Signs of a Bad Oxygen Sensor

Mia Bevacqua
March 8, 2018

Upstream oxygen sensor

Signs of a failing oxygen sensor

A faulty oxygen sensor can cause several symptoms that can help you or your mechanic identify the problem:

1. Your check engine light comes on: The car’s computer continuously monitors the signals from the oxygen sensors. If it detects a problem with one of the sensors or its circuit, it will turn on the check engine light. It will also set a trouble code and turn on the check engine light if other engine problems are causing the signal to be out of range, even when the amount of fuel is adjusted by the computer.  

2. Poor engine performance: The computer relies on the oxygen sensor for information about the air-fuel mixture. A faulty oxygen sensor can cause the computer to supply the engine with too much or too little fuel. This can cause the engine to misfire and run rough.  

3. Poor fuel economy: Similarly, a bad oxygen sensor can cause the computer to supply the engine with more fuel than it needs, resulting in poor fuel economy.

Get it diagnosed by a professional

How to fix the problem

Oxygen sensors can fail if they are contaminated with oil, coolant or other fluids. If fluid contamination has caused the problem, the source of the leak must be resolved first, or the new sensor may get ruined, too. Do not use carburetor cleaner on engines with oxygen sensors; instead use oxygen sensor-safe throttle body cleaner. 

While replacing an oxygen sensor is relatively straightforward, it requires using a scan tool to identify the OBD-II trouble code and diagnose the problem, and typically involves lifting the car.  You’ll need a special oxygen sensor socket to remove or install the part without damage — a wrench can easily kill a good sensor.  Therefore, it’s usually best left to the professionals.

What does an oxygen sensor do?

The oxygen sensor compares the level of oxygen in your car’s exhaust stream to that of the surrounding air. It then generates a corresponding voltage signal. This voltage tells the engine computer the relative amount of oxygen in the exhaust as well as the temperature of the sensor in real time. 

Depending on where the sensor is located in the exhaust stream, this signal is used to send the ideal amount of fuel to your engine while it’s running, and can turn on your check engine light to alert you to an emissions problem caused by any component in the engine.

The engine computer relies on accurate information from many different sensors to adjust the ratio of air to fuel in your engine. The oxygen sensor is the only one that tells the computer what actually happened with the amount of fuel it just sent to the engine. Most of the other sensors feed information about the air entering the engine, temperature, and other data.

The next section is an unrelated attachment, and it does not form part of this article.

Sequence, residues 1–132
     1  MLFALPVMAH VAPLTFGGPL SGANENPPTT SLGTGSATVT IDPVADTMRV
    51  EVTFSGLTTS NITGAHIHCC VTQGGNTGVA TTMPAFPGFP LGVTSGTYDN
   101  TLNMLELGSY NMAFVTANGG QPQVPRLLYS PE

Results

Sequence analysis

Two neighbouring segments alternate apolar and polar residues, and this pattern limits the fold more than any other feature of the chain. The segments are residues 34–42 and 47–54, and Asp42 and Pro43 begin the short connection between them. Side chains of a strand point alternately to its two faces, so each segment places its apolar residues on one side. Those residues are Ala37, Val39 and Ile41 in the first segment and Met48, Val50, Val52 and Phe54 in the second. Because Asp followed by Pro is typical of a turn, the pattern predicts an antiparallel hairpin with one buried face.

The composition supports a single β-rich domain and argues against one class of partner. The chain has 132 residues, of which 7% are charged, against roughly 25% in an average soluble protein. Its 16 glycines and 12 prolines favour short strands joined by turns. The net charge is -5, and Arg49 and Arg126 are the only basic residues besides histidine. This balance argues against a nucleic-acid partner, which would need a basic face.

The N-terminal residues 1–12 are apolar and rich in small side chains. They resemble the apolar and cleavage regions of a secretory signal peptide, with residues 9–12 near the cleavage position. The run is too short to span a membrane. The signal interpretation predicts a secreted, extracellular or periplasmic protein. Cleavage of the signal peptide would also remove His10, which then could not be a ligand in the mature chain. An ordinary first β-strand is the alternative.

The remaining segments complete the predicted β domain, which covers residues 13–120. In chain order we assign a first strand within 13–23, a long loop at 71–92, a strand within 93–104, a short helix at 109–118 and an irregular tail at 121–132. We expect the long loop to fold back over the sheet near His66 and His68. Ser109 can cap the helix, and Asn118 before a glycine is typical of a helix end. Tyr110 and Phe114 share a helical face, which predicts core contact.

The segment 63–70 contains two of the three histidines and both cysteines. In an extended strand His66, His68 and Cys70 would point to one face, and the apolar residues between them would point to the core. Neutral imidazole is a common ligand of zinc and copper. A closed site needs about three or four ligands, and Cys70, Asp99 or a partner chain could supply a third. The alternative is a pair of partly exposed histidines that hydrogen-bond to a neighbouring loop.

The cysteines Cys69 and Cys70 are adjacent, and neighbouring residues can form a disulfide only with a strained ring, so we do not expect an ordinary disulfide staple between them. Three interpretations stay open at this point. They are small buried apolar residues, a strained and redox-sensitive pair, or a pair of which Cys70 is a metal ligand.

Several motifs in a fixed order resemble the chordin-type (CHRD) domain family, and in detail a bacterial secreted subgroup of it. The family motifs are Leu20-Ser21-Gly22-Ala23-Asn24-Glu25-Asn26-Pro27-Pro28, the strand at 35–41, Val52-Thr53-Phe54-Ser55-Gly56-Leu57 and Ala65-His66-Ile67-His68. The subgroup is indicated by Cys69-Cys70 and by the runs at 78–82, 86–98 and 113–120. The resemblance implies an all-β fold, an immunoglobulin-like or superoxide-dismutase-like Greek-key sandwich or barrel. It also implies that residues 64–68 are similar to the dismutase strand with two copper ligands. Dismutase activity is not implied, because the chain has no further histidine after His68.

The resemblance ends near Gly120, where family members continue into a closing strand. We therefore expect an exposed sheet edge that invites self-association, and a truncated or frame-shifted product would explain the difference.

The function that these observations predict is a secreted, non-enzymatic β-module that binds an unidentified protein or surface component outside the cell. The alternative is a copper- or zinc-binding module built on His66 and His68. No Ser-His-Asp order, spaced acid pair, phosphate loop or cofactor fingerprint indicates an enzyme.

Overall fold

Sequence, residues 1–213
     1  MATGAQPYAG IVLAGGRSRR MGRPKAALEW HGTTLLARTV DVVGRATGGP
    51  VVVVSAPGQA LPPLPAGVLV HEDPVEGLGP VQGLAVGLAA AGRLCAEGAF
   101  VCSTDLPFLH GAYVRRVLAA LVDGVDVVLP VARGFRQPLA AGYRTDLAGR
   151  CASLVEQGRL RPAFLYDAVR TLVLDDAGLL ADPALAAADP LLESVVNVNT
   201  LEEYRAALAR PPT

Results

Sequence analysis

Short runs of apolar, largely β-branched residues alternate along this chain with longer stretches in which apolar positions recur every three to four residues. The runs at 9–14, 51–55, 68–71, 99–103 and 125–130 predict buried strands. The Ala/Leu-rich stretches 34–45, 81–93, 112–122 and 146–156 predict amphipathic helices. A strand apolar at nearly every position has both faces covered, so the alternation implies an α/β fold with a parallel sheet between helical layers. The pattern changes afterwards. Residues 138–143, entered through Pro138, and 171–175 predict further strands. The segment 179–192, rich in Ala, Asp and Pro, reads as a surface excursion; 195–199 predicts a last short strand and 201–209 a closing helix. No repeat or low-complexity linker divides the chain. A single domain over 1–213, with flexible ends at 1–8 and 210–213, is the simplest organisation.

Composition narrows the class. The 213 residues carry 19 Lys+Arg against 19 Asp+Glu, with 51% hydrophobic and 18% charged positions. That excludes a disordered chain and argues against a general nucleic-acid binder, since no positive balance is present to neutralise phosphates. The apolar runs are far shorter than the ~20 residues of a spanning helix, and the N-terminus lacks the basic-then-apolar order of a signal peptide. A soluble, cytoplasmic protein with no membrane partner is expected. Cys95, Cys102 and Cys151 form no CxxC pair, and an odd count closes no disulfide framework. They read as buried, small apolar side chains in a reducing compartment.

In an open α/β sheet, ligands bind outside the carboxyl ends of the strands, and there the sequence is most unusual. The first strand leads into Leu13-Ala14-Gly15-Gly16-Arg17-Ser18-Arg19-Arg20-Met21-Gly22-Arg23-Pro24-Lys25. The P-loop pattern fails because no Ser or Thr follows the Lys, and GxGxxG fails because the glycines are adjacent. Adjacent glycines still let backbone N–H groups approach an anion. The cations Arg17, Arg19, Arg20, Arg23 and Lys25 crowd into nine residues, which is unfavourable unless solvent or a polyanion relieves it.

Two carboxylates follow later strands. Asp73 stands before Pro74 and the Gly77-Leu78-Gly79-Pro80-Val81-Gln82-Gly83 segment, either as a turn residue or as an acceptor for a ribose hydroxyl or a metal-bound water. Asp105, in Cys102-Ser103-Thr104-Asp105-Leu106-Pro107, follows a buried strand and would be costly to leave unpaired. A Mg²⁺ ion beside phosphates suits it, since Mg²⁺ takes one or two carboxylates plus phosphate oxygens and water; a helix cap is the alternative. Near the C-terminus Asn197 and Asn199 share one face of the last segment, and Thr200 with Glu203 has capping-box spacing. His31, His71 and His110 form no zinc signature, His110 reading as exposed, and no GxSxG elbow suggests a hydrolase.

There are two primary types of oxygen sensors (also called O2 sensors): upstream (front) and downstream (rear). Depending on the make and model of car, there may be two, four or even more oxygen sensors on the vehicle. 

Upstream: The upstream sensor is mounted before the catalytic converter, as close to the engine as possible. Your car’s computer uses this sensor’s data for fuel control. If the sensor detects too much oxygen in the exhaust — called a lean condition — the computer will add more gasoline to the mix. On the other hand, if it detects too little oxygen in the exhaust — called a rich condition — it will reduce the fuel. The voltage signal from this sensor should constantly fluctuate from rich to lean, allowing the computer to find the ideal air-fuel mixture. 

Downstream: The downstream oxygen sensor is mounted after the catalytic converter. It’s used to monitor the efficiency of the converter, making sure it’s cleaning the engine’s exhaust effectively before releasing it into the atmosphere. A good downstream sensor should put out a relatively steady voltage signal. 

Downstream oxygen sensor

Upstream and downstream oxygen sensors are often calibrated differently, so it’s important to install the correct sensor in the correct location.

Alternatively, many modern cars use a wide-band upstream oxygen sensor (also called an air-fuel ratio sensor) instead of a traditional oxygen sensor. This is basically a “smart” oxygen sensor that is able to provide a real-time air-fuel ratio and is easier to monitor.

Mia Bevacqua

About the Author

Mia Bevacqua is an automotive expert with ASE Master, L1, L2 and L3 Advanced Level Specialist certification. With 13-plus years of experience in the field, she applies her skills toward writing, consulting and automotive software engineering.

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